In ancient Ireland, the Oak held special meaning with the Celts. Considered the King of the forest, it was associated with strength, nobility, longevity, inspiration and knowledge. The Oak itself has a lineage dating back roughly 85 million years. Historically, the oak was essential to the Irish way of life, providing shelter, fuel, building materials, food as well as habitats for wildlife.
With over 500 hundred species of Oak, they are known for their longevity and can live for 300-400 hundred years. With deciduous and evergreen varieties, they are characterised by their wavey leave pattern and acorn seed.
As a dye plant, the leaves, bark, acorns and twigs can be used to create colour. The Oak is high in tannin which acts as a natural fixative ensuring beautiful long-lasting colours. The oak galls contain the highest concentration of tannin and these are commonly used to mordant plant fibres such as linen, cotton or hemp.
Different parts of the Oak will yield a range of complementary colours in the dye pot. Depending on the time of year, the bark yields tans, beiges, browns, greys and mauves with the leaves producing mustards, ocher, clay or grey colours. The oak galls have been used throughout history to create greys when dyed with iron.
If you are interested in natural dyeing, Oak can be a wonderful source of dye. The bark, leaves and twigs are available throughout the year with the acorns available in the Autumn.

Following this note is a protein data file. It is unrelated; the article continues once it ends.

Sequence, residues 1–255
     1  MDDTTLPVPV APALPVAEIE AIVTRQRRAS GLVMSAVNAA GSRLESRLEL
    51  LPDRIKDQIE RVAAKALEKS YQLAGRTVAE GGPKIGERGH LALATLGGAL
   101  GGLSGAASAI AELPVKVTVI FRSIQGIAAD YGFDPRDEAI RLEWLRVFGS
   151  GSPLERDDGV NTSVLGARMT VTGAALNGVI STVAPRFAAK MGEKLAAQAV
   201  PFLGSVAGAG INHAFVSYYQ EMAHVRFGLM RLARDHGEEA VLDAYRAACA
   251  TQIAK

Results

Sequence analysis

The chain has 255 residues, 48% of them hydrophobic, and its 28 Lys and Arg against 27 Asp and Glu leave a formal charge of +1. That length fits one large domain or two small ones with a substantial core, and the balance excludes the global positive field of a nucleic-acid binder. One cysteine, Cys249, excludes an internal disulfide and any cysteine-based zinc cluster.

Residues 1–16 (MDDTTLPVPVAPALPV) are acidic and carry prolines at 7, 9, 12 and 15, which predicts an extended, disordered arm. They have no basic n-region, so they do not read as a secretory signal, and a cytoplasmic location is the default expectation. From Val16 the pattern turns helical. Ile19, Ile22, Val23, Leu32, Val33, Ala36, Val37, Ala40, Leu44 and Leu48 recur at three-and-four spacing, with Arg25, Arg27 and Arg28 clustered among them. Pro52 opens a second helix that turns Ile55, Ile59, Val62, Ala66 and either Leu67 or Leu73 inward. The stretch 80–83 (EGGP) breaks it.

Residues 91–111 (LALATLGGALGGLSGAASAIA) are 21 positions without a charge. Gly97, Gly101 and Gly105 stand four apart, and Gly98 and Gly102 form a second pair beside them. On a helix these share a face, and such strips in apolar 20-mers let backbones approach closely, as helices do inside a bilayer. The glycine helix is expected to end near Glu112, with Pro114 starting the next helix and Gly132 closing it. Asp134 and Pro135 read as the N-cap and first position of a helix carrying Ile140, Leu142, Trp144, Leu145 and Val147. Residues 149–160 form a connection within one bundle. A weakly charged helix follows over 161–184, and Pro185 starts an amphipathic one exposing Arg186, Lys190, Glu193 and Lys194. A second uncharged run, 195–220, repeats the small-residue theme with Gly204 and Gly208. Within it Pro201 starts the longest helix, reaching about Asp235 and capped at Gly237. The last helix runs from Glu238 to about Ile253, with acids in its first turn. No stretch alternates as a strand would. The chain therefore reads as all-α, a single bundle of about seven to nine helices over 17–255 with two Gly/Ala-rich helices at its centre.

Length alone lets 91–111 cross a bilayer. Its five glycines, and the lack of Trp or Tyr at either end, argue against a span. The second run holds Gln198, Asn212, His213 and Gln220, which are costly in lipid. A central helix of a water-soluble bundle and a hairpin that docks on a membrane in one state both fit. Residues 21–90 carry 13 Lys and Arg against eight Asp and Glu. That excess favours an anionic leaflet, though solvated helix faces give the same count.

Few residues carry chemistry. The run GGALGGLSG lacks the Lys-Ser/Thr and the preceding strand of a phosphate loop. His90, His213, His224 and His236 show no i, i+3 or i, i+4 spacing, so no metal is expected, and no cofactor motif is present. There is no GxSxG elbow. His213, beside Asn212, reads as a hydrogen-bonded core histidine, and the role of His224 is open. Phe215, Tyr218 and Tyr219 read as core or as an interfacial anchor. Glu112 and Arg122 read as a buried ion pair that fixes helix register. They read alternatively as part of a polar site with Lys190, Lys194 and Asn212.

The colours below are from leaves gathered in February in Ireland. The leaves had lost all their green and were a beautiful Autumn brown but this method will work for leaves throughout the year.
If you are going to dye with the oak, I would recommend using twice the weight of plant material to the weight of your fibre to be dyed. If your linen weighs 100g, use 200g of oak leaves.
Place your Oak leaves in a pot ( large enough to hold your fabric so it can move freely).
Cover with boiling water and let sit overnight.
Top up the water in your pot and simmer gently for 1-2 hours.
Once the water has changed and the dye extracts, strain out the leaves.
The dye is now ready to use
Preparing Linen for Dyeing
You can use fabric that has been prepared for dye (PFD) or regular linen. With either type, I would recommend cleaning (scouring) in the washing machine to remove any residues or impurities. Once your fabric is prepared (without the use of detergent) presoak it in a bucket of tap water to dampen the fibres, then add to the dye bath and simmer gently until your fabric changes to the shade you like. The length of time you leave your fabric in the dye pot is up to you, the longer you leave it the darker the shades will be just make sure you stir your fabric frequently.